HIV

Solid organ transplant for patients who are HIV-positive (HIV+) has been controversial, due to the long-term prognosis for human immunodeficiency virus (HIV) positivity and the impact of immunosuppression on HIV disease. Although HIV+ transplant recipients may be a research interest of some transplant centers, the minimal data regarding long-term outcome in these patients consist primarily of case reports and abstract presentations of liver and kidney recipients. Nevertheless, some transplant surgeons would argue that HIV positivity is no longer an absolute contraindication to transplant due to the advent of highly active antiretroviral therapy (HAART), which has markedly changed the natural history of the disease.

In March 2009, the Organ Procurement Transfer Network (OPTN) revised its policies on HIV status in recipients. It reiterates an earlier position that: “A potential candidate for organ transplantation whose test for HIV is positive but who is in an asymptomatic state should not necessarily be excluded from candidacy for organ transplantation, but should be advised that he or she may be at increased risk of morbidity and mortality because of immunosuppressive therapy.” (10)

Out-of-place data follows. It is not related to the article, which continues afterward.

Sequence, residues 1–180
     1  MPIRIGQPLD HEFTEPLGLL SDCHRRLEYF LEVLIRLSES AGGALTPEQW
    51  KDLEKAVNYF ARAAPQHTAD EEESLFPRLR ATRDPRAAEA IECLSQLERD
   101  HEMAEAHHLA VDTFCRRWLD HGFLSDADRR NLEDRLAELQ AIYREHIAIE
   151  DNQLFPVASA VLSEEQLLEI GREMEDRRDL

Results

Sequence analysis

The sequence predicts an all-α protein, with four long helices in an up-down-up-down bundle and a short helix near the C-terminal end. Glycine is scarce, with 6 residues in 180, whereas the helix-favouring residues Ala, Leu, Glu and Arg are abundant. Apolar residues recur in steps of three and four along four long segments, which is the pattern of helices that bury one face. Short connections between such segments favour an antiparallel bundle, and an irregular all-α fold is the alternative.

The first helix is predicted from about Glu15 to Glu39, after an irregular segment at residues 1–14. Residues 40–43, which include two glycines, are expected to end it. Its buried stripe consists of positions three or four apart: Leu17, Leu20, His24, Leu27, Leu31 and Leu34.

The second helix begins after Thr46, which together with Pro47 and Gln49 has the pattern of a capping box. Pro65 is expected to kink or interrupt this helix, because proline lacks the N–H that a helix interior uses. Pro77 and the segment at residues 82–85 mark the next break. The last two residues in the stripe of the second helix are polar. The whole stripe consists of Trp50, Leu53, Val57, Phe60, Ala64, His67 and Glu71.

In 2006, the British HIV Association and the British Transplantation Society Standards Committee published guidelines for kidney transplantation in patients with HIV disease. (11) These criteria may be extrapolated to other organs:

  • CD4 count greater than 200 cells/ml for at least 6 months
  • Undetectable HIV viremia (less than 50 HIV-1 RNA copies/ml) for at least 6 months
  • Demonstrable adherence and a stable HAART regimen for at least 6 months
  • Absence of AIDS-defining [acquired immunodeficiency syndrome] illness following successful immune reconstitution after HAART.

However, concerns have been raised about the extrapolation of these criteria to lung transplants.

Other

Note: Considerations for heart transplantation and lung transplantation alone may also pertain to combined heart-lung transplantation. For example, cystic fibrosis accounts for the majority of pediatric candidates for heart-lung transplantation, and infection with Burkholderia species is associated with higher mortality in these patients. And, experience with kidney transplantation in patients infected with HIV in the era of HAART has opened discussion of transplantation of other solid organs in these patients. These topics are addressed more fully in the separate policies on heart transplantation and lung transplantation.

Summary

The available literature, consisting of case series and registry data, describes outcomes after heart-lung transplantation. Given the exceedingly poor expected survival without transplantation, this evidence is sufficient to demonstrate that heart/lung transplantation provides a survival benefit in appropriately selected patients. It may be the only option for some patients with end-stage cardiopulmonary disease. Heart/lung transplant is contraindicated in patients in whom the procedure is expected to be futile due to comorbid disease or in whom post-transplantation care is expected to significantly worsen comorbid conditions.